The launch night was busy with not only the people involved in the project but also the general public from London and Portsmouth. Photographer Russell Squires had a lot of fun engaging with shoppers on Carnaby Street with a giant Anglepoise lamp with a camera flash hidden in it. The exhibition was very successful at Speakeasy and over the 3-week period over 17,000 people viewed it.

The exhibition was featured soon after the opening in different places including the highly respected and independent Creative Boom website and it was even featured on the front page of the Financial Times supplement as the header image for their article of the London Design Festival highlights.

As part of the London Design Festival programme Creating Balance was invited to speak at the Victoria and Albert Museum. The talk focused on how the project as a whole could work as a template for future projects that focus on collaboration between artists and organisations in different sectors. Presenters at the talk included Simon Terry from Anglepoise, Claire Sambrook and student Jack Daly from The University of Portsmouth, Paul Gonella from Strong Island and one of the other participants photographer Rob Luckins.

Anglepoise have been very pleased and impressed with the level of work produced and how much national publicity was gained. The project now moves to aspex in Portsmouth for 6 weeks in January 2014 and will include a series of workshops featuring the participants and a launch night to include a discussion about creative industries in the city and how we can work together to attract investment, resources and support.

For more information about the project, to watch all of the films and to see loads of photos visit:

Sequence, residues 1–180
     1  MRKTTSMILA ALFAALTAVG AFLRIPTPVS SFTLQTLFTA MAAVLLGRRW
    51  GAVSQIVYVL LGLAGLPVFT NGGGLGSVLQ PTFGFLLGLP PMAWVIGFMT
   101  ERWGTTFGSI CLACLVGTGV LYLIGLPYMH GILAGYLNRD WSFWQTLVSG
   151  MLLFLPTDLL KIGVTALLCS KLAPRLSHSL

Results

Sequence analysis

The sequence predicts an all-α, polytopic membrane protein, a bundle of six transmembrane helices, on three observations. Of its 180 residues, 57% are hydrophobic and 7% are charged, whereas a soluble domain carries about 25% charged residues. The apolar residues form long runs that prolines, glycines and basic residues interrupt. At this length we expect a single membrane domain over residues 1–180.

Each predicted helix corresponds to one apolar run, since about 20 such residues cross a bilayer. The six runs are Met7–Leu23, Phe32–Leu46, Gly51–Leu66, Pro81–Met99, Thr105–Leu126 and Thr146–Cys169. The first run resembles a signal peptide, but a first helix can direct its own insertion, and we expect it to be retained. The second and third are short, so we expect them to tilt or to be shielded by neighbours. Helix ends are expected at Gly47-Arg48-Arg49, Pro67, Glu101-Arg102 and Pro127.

Somerstown Stories Design Charrette

Case Study - Somerstown Stories Design Charrette

Somerstown is a district of Portsmouth which was largely rebuilt after the Second World War and boasts a diverse cultural history, much of which remains to be explored and documented. Somerstown Stories was a lottery-funded local heritage initiative which encouraged the Portsmouth community to engage with the past, present and future of Somerstown through a close collaboration between various private and public organisations. Following on from a year-long Diploma One core-curriculum assignment, The Project Office were commissioned to coordinate a Design Charrette to assist Year 9 pupils from the local Charter Academy School to explore their local urban context.

The event took place over one day, during which groups of school pupils discussed ideas and strategies with a postgraduate student mentor, enlisting a wide variety of media, which included text, sketches, models and verbal means of representation. The event concluded with a presentation from the groups to representatives of the University of Portsmouth, the Church of England and local interest groups. The younger pupils who took part developed critical analysis and creative thinking skills, while the architecture students experienced direct contact and engagement with a local community, as an extension of their academic experience.